tan privado,

no cumple que de él se hable,

sino sólo que lo vimos 245

degollado.

Sus infinitos tesoros,

sus villas y sus lugares,

su mandar,

¿qué le fueron sino lloros? 250

¿Qué fueron sino pesares

al dejar?


Y los otros dos hermanos,

maestres tan prosperados

como reyes, 255

que a los grandes y medianos

trajeron tan sojuzgados

a sus leyes;

aquella prosperidad

que tan alta fue subida 260

y ensalzada,

¿qué fue sino claridad

que cuando más encendida

fue amatada?


Tantos duques excelentes, 265

tantos marqueses y condes

y varones

como vimos tan potentes,

di, muerte, ¿dó los escondes

y traspones? 270

Y las sus claras hazañas

que hicieron en las guerras

y en las paces,

cuando tú, cruda, te ensañas,

con tu fuerza las atierras 275

y deshaces.


Las huestes innumerables,

los pendones, estandartes

y banderas,

los castillos impugnables, 280

los muros y baluartes

y barreras,

la cava honda, chapada,

o cualquier otro reparo,

¿qué aprovecha? 285

que si tú vienes airada,

todo lo pasas de claro

con tu flecha.


Aquél de buenos abrigo,

amado por virtuoso 290

de la gente,

el maestre don Rodrigo

Manrique, tanto famoso

y tan valiente;

sus hechos grandes y claros 295

no cumple que los alabe,

pues los vieron,

ni los quiero hacer caros

pues que el mundo todo sabe

cuáles fueron. 300


Amigo de sus amigos,

¡qué señor para criados

y parientes!

¡Qué enemigo de enemigos!

¡Qué maestro de esforzados 305

y valientes!

¡Qué seso para discretos!

¡Qué gracia para donosos!

¡Qué razón!

¡Cuán benigno a los sujetos! 310

¡A los bravos y dañosos,

qué león!


En ventura Octaviano;

Julio César en vencer

y batallar; 315

en la virtud, Africano;

Aníbal en el saber

y trabajar;

en la bondad, un Trajano;

Tito en liberalidad 320

con alegría;

en su brazo, Aureliano;

Marco Tulio en la verdad

que prometía.


Antonia Pío en clemencia; 325

Marco Aurelio en igualdad

del semblante;

Adriano en elocuencia;

Teodosio en humanidad

y buen talante; 330

Aurelio Alejandro fue

en disciplina y rigor

de la guerra;

un Constantino en la fe,

Camilo en el gran amor 335

de su tierra.


No dejó grandes tesoros,

ni alcanzó muchas riquezas

ni vajillas;

mas hizo guerra a los moros, 340

ganando sus fortalezas

y sus villas;

y en las lides que venció,

muchos moros y caballos

se perdieron; 345

y en este oficio ganó

las rentas y los vasallos

que le dieron.


Pues por su honra y estado,

en otros tiempos pasados, 350

¿cómo se hubo?

Quedando desamparado,

con hermanos y criados

se sostuvo.

Después que hechos famosos 355

hizo en esta misma guerra

que hacía,

hizo tratos tan honrosos

que le dieron aún más tierra

que tenía. 360


Estas sus viejas historias

que con su brazo pintó

en juventud,

con otras nuevas victorias

ahora las renovó 365

en senectud.

Por su grande habilidad,

por méritos y ancianía

bien gastada,

alcanzó la dignidad 370

de la gran Caballería

de la Espada.


Y sus villas y sus tierras

ocupadas de tiranos

las halló; 375

mas por cercos y por guerras

y por fuerza de sus manos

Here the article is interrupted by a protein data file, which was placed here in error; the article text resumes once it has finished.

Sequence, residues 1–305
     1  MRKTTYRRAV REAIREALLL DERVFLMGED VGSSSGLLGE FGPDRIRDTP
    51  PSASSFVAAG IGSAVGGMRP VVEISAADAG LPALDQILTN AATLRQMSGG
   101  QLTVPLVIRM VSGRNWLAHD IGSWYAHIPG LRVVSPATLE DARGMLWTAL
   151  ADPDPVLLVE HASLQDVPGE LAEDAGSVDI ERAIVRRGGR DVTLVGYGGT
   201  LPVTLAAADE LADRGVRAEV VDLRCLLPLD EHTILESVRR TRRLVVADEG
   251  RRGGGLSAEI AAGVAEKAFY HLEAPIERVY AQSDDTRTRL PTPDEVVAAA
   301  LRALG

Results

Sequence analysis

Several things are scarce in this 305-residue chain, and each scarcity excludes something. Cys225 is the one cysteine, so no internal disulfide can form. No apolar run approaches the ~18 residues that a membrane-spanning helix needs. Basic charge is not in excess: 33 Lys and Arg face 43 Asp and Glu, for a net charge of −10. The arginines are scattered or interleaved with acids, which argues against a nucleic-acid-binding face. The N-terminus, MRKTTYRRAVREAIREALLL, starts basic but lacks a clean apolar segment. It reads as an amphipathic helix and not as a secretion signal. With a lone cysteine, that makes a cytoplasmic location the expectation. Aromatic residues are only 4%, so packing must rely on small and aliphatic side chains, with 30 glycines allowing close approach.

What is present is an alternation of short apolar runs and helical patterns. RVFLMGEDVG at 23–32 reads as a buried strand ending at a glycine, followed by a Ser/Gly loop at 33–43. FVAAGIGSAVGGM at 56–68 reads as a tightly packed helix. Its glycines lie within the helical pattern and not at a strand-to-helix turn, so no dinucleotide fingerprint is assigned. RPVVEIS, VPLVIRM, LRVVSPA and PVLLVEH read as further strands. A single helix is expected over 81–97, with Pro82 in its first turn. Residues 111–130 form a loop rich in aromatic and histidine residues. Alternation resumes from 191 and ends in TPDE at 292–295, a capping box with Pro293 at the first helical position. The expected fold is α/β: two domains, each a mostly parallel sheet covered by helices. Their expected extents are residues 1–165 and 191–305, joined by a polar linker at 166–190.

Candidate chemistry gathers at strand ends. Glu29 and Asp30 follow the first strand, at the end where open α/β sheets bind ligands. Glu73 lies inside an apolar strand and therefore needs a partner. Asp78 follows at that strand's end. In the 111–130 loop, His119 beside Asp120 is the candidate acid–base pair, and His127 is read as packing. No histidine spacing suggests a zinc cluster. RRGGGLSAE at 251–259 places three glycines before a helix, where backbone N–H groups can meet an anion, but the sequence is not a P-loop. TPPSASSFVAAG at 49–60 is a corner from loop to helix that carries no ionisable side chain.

las cobró.

Pues nuestro rey natural,

si de las obras que obró 380

fue servido,

dígalo el de Portugal

y en Castilla quien siguió

su partido.

Después de puesta la vida 385

tantas veces por su ley

al tablero;

después de tan bien servida

la corona de su rey

verdadero: 390

después de tanta hazaña

a que no puede bastar

cuenta cierta,

en la su villa de Ocaña

vino la muerte a llamar 395

a su puerta,


diciendo: «Buen caballero,

dejad el mundo engañoso

y su halago;

vuestro corazón de acero, 400

muestre su esfuerzo famoso

en este trago;

y pues de vida y salud

hicisteis tan poca cuenta

por la fama, 405

esfuércese la virtud

para sufrir esta afrenta

que os llama.


No se os haga tan amarga

la batalla temerosa 410

que esperáis,

pues otra vida más larga

de la fama glorïosa

acá dejáis,

(aunque esta vida de honor 415

tampoco no es eternal

ni verdadera);

mas, con todo, es muy mejor

que la otra temporal

perecedera. 420


El vivir que es perdurable

no se gana con estados

mundanales,

ni con vida deleitable

en que moran los pecados 425

infernales;

mas los buenos religiosos

gánanlo con oraciones

y con lloros;

los caballeros famosos, 430

con trabajos y aflicciones

contra moros.


Y pues vos, claro varón,

tanta sangre derramasteis

de paganos, 435

esperad el galardón

que en este mundo ganasteis

por las manos;

y con esta confianza

y con la fe tan entera 440

que tenéis,

partid con buena esperanza,

que esta otra vida tercera

ganaréis.»


«No tengamos tiempo ya 445

en esta vida mezquina

por tal modo,

que mi voluntad está

conforme con la divina

para todo; 450

y consiento en mi morir

con voluntad placentera,

clara y pura,

que querer hombre vivir

cuando Dios quiere que muera 455

es locura.


Oración:
Tú, que por nuestra maldad,

tomaste forma servil

y bajo nombre;

tú, que a tu divinidad 460

juntaste cosa tan vil

como es el hombre;

tú, que tan grandes tormentos

sufriste sin resistencia

en tu persona, 465

no por mis merecimientos,

mas por tu sola clemencia

me perdona.»


Fin:
Así, con tal entender,

todos sentidos humanos 470

conservados,

cercado de su mujer

y de sus hijos y hermanos

y criados,

dio el alma a quien se la dio 475

(en cual la dio en el cielo

en su gloria),

que aunque la vida perdió

dejónos harto consuelo

su memoria. 480


Estrofa: Coplas de pie quebrado


Sílabas: Ocho y cuatro (cada estrofa sigue el esquema: 8-8-4, 8-8-4, 8-8-4, 8-8-4)
1 2 3 4 5 6 7 + 1 = 8

Recuerde_el alma dormida,


1 2 3 4 5 6 7 + 1 = 8

avive_el seso_y despierte


1 2 3 + 1 = 4

contemplando